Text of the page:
|Afghan Delegation at the British outpost, 1919|
The casualties during this small conflict were not great. Approximately, there were 1,000 Afghan killed in action and 1,751 British and Indian troops but, of these, 566 died from cholera and 334 as a result of other diseases and accidents.
The war ended 29 days after it had starter, in stalemate, and both sides claiming victory with a certain degree of justification. Although small scale guerrilla activity continued during the next two years, the British had repulsed an Afghan invasion of the Indian territory (in fact, Bahg was not occupied by neither adversary, but claimed by both, due to its proximity to the strategically important town of Landi Kotal) and restored order in and around the Khyber Pass. However, they suffered almost twice casualties than the Afghan and Amir Amanullah was, ultimately, able to secure his strategic political goal, gaining the right to implement Afghanistan´s own foreing policy, independent of Delhi (besides, he had been able to secure his throne...).
An Afghan tactical victory was unlikely even against the depleted British Indian Army but the war served Amanullah to deflect domestic criticism and offered him the opportunity to gain strategic political aims. As a result of the peace treaty, the British ceased the payment of the Afghan subsidy and stopped the arms sales from India to Afghanistan. But, as the British influence declined, the Afghan were able to gain control over their own foreing affairs and emerged as a fully independent state.
|The Afghan peace delegates, 1919|
Although the fighting concluded in August 1919, its effects continued to be felt in the region for some time. The disruption sparked stirred up more unrest, particularly in Waziristan. The tribesmen, always ready to exploit governmental weakness, banded together in the common cause of disorder and unrest. They had benefitted greatly from the weapons and ammunition that the Afghan had left behind, and from the influx of manpower in the large number of deserters from the militia that had joined their ranks, so they were able to launch a campaing of resistance against British authority on the North West Frontier that led, finally to a punituve campaing which was, perhaps, the most serious ever fought on the Frontier and in which the Indian Army faced humiliating defeat.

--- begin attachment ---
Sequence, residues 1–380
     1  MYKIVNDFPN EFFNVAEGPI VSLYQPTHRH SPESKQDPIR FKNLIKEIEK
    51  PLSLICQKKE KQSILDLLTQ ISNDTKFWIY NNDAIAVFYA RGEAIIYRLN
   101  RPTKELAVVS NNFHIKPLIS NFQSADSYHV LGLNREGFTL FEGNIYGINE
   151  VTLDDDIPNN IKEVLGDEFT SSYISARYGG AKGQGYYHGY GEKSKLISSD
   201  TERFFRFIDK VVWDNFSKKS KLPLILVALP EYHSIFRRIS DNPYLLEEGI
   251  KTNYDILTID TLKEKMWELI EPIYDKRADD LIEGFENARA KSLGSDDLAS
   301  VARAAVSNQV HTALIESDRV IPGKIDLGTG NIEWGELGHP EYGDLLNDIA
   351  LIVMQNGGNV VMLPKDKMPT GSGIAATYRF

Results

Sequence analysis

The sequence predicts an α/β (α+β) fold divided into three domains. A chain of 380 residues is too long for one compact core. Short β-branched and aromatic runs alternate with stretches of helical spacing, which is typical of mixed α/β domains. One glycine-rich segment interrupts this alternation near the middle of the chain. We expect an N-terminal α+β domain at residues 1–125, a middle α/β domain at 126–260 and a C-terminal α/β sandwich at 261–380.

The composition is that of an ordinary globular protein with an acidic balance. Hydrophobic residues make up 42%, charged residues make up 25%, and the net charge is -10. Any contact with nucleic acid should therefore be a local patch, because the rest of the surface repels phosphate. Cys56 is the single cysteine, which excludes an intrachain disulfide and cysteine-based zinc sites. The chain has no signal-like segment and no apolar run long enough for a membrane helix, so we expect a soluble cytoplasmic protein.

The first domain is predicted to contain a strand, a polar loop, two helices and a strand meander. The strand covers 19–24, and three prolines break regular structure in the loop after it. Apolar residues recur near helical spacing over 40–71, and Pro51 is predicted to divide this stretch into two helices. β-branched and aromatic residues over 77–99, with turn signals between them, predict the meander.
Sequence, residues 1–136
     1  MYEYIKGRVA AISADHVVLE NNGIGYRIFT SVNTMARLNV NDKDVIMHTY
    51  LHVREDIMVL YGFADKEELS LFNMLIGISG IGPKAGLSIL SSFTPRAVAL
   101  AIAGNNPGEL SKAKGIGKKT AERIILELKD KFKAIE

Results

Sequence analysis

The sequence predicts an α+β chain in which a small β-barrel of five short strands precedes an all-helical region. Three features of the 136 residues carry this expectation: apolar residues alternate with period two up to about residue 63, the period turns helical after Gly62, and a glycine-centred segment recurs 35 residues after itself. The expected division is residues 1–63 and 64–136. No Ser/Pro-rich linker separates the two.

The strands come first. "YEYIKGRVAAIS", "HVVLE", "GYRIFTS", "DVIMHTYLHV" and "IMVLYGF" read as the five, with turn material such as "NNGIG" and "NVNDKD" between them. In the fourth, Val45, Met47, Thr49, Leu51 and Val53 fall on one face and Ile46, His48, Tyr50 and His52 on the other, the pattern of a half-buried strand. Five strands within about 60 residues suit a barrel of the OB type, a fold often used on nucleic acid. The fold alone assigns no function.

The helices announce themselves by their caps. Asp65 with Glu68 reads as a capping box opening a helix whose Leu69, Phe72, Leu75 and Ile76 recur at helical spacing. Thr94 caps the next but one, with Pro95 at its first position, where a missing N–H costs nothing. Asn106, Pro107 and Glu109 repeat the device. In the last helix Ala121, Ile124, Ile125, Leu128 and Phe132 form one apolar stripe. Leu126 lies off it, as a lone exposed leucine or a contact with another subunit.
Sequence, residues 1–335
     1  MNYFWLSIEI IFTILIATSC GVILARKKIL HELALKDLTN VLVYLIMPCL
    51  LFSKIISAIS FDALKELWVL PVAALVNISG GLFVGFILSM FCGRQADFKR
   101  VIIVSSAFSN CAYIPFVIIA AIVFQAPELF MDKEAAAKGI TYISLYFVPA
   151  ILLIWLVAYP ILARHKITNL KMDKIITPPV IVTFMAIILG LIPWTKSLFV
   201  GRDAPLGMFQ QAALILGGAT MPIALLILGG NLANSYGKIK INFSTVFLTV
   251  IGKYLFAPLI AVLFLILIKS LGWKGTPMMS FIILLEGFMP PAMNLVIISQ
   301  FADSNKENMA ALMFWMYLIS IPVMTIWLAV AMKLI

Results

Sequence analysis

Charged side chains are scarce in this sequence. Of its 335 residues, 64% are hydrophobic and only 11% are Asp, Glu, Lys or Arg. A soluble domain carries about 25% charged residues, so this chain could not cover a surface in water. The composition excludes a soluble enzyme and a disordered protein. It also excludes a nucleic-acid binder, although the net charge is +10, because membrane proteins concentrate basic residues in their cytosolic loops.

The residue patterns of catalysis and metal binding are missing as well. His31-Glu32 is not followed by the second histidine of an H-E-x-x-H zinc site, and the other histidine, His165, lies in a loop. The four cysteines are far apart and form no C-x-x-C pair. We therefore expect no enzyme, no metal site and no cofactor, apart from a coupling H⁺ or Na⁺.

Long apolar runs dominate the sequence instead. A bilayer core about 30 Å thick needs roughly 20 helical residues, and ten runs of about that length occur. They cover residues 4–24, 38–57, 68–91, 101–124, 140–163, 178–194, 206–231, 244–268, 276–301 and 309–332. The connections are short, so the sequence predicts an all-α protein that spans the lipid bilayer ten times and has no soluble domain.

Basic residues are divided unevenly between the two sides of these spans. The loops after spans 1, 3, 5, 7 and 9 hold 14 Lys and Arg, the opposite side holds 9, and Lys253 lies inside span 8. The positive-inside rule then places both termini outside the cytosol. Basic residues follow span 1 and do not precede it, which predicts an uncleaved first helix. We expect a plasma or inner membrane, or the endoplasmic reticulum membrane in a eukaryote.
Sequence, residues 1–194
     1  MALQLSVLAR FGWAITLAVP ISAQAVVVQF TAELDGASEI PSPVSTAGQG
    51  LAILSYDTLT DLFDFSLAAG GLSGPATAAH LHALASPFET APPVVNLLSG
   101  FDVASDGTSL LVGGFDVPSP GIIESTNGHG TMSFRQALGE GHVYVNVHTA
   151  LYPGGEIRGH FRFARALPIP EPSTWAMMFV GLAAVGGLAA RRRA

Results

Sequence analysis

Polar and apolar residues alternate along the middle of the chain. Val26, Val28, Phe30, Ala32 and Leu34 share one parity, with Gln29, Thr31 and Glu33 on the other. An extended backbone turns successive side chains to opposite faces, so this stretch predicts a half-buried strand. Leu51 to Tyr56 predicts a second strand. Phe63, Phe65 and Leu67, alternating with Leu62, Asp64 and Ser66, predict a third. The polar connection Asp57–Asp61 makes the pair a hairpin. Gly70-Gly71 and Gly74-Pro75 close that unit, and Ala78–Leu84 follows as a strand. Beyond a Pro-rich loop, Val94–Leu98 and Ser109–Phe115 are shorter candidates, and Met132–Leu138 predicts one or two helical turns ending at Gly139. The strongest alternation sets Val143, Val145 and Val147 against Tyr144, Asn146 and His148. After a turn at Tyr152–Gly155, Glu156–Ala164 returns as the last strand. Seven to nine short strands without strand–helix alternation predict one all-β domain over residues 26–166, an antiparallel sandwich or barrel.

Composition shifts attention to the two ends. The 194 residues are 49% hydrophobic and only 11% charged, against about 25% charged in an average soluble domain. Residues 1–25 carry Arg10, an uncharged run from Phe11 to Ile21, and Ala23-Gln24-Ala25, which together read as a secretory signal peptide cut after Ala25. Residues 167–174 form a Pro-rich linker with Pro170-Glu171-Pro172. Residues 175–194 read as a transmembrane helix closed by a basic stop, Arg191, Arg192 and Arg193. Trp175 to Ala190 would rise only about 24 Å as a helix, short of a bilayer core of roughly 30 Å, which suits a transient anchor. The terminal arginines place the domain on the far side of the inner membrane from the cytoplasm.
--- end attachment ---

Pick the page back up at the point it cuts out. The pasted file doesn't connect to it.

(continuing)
|British Camp in Haidri Kach, Waziristan 1920|
The campaing in Waziristan, the last act of the Third Afghan War, was the first major occasion on which the British had had to come to grips in the Frontier with the new situation created by the advent on a large scale of the modern, breech-loading, magazine rifle firing smokeless powder. Despite the deployment of the full range of up-to-date military technology on the British side, their early defeats and posterior hard fighting made clear that success would depend clearly upon discipline and individual training. This campaing led also to the intention to construct a network of permanent roads in tribal territory and the creation of an also permanent base in Ladha for a full brigade, changing the Frontier policy that, until that moment and por 70 years, had been one of no interference with the tribes but the occasional punitive expedition.
After all this fighting, the British did not go away empty-handed. The Treaty of Rawalpindi and the subsequent treaty of friendship signed in Kabul in 1921 meant that, for the first time since the 1830s, they could look forward to peaceful co-existence with Afghanistan and to the disappearance of the Russian menace which had overshadowed British rule in India.
It was the real triumph.
And this is the end to my historical introduction to this project. As I have said, a fascinating war with two different campaings, one against the Afghan regular army and the other against the Waziristan tribes.
Next entries will deal with my sources of information, as books or articles, and then the wargame!